Kathy sees this region of Washington as a prime candidate for this type of innovative food purchasing at healthcare and other institutions because of the high diversity of farms, as well as the somewhat limited geographic layout: Kathy markets the idea of local food purchasing to hospitals as an essential part of the facilities’ emergency preparedness plan, which all hospital are required to have. It’s an incredible resource to have food at their fingertips (and have the necessary relationships in tact) to feed patients in case of any major disaster which might result in limited transportation or other infrastructural losses.
This panel also discussed the importance of diversifying local products manufactured and sold in our region. Panelist Laura Lawless of the Port Townsend Food Co-op harped on value-added products as one of the most effective ways of ensuring income over the winter months for regional farms. She suggested the alternative value-added markets of health and beauty products, the herb and spice market, and medicinals as the next frontier for local producers. (PSFN is so excited for our soon-to-be-former Operations Manager, Ann Leason, for soon devoting the majority of her time to her own herb farm for health and beauty products, as well as medicinal herbs. Go Ann!)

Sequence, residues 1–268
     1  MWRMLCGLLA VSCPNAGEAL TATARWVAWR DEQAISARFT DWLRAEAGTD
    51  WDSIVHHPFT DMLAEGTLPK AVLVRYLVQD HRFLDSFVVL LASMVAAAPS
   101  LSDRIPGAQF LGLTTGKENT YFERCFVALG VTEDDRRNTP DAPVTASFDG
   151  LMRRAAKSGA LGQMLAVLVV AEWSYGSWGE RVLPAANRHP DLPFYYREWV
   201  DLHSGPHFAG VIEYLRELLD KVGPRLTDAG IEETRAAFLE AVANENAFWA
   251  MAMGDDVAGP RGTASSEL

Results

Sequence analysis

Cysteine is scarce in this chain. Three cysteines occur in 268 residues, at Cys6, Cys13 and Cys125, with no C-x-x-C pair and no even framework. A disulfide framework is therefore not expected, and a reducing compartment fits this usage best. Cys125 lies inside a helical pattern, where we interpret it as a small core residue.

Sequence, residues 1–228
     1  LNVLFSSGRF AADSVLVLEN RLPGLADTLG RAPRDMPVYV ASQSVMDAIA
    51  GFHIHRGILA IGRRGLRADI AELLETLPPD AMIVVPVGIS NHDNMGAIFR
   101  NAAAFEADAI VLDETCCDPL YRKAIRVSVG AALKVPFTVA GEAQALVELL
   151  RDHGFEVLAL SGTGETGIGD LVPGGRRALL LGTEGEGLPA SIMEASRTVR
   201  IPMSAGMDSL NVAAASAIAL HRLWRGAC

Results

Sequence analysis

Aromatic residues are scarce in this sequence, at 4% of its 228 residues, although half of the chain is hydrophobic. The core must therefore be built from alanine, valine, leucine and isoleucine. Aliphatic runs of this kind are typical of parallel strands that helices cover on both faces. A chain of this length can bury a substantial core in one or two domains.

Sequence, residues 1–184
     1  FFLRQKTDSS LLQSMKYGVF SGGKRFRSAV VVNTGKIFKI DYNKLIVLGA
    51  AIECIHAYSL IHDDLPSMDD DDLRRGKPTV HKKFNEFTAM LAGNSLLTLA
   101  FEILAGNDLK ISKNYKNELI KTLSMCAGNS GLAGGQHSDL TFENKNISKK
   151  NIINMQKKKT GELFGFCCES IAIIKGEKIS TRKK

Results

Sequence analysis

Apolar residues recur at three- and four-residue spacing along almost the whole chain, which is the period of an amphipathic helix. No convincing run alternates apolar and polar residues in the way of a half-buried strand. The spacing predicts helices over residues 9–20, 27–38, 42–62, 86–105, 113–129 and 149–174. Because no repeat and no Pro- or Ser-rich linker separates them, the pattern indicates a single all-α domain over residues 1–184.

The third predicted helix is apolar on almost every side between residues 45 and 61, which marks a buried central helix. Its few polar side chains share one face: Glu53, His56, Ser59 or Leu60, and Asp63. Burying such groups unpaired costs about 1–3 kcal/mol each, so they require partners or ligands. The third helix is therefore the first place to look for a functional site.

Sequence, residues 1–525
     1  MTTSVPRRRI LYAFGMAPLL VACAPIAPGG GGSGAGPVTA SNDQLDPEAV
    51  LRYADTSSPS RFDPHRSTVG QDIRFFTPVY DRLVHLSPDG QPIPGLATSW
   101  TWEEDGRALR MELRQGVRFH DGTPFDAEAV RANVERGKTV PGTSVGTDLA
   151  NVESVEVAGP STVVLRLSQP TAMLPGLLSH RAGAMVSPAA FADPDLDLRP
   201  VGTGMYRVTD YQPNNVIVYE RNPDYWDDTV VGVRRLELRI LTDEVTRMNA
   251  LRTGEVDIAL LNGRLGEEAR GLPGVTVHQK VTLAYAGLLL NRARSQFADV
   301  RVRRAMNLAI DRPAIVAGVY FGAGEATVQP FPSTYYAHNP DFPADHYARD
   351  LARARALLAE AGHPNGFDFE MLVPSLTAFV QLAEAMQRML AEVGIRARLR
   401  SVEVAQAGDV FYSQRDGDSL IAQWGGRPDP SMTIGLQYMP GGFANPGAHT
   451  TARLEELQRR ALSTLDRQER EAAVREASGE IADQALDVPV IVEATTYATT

Laura also gave some great suggestions of value-added products needed in the area:
- Processed meats like salami and sausage
- Frozen convenience foods for busy families – at the Port Townsend co-op they have a frozen Tamale that they can’t keep on the shelves!
- Kale and produce chips
- Salad Dressing
- Pet food
For advice on, and assistance in, entering the value-added marketplace, PSFN and NABC are offering a Transition to Value Added Business Course this winter. The introductory courses in market assessment and business plan development have already passed, but product development classes in a variety of categories remain:
- Value-added Dairy Workshop – Friday, January 27, 2012
- Value-add Floral and Nursery Workshop – Thursday, February 2, 2012
- Value-added Meat Workshop – Monday, February 6, 2012
- Valued Added Prepared Foods – Thursday, February 16, 2012
For more information about these classes, contact Jeff Voltz: firstname.lastname@example.org / (360) 593-4744
As a final word of advice, Laura said the most important thing you can do as a producer is to take the time to come to the store, demo your product, and tell your story your way to your customers. We at PSFN agree. Telling your story through your brand, your label, and in person is essential.
So in summary, diversity is the key! We should all work to diversify relationships and enhance interconnectedness among different players in the regional food system; producers should diversify their markets (and focus on institutional partnerships) and their products. Diversification of activities across the agricultural continuum will enable all stakeholders to manage risk, which will promote economic development. Diversity is the key to regional economic stability and resilience. So… let’s get talking!